Generally, goods and services supplied to a consumer must comply with a range of guarantees - which includes being fit for purpose - this includes any particular purpose that the consumer makes known to the supplier.

If an AI application indicates to a consumer that a product is suitable for a particular purpose, or a consumer makes known to a business (including while interacting with an AI bot) that the product is referred for a particular purpose, there is a guarantee that the product will be fit for that purpose. The business will then be accountable to the consumer if the product is not in fact fit for that purpose.

Organisations will need to ensure that:

  • their AI applications are restricted to making permitted representations about the goods/services; and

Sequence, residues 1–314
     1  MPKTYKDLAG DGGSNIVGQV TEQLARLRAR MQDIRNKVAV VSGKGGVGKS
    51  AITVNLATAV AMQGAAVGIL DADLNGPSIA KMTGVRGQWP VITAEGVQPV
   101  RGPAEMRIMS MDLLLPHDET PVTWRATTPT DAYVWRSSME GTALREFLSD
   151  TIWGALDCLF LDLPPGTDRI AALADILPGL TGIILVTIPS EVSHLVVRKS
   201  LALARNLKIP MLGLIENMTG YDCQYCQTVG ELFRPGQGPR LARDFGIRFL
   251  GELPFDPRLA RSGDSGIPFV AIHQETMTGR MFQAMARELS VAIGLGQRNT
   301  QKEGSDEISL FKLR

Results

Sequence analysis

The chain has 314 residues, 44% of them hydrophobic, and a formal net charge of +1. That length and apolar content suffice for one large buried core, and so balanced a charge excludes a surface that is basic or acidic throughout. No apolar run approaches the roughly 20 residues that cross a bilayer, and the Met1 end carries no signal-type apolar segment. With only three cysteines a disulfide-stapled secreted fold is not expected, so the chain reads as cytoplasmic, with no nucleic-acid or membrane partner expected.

• any purposes that consumers make known to the AI application, either expressly or by implication, are conveyed back to the relevant sales or other team in the business.

Advertising Standards Codes of Practice (Advertising Codes)

An AI bot should be programmed in such a way that it will not communicate in a way that could fall foul of the Advertising Codes. The Advertising Codes broadly prohibit advertising that misleads or deceives consumers, or that is not conducted in a socially responsible manner. For example:

  • advertising targeting children must have the child’s best interest as the primary consideration (eg it must not promote inappropriate behaviour or lifestyles);

  • advertising of alcohol must promote responsible drinking, and must not encourage alcohol consumption by minors;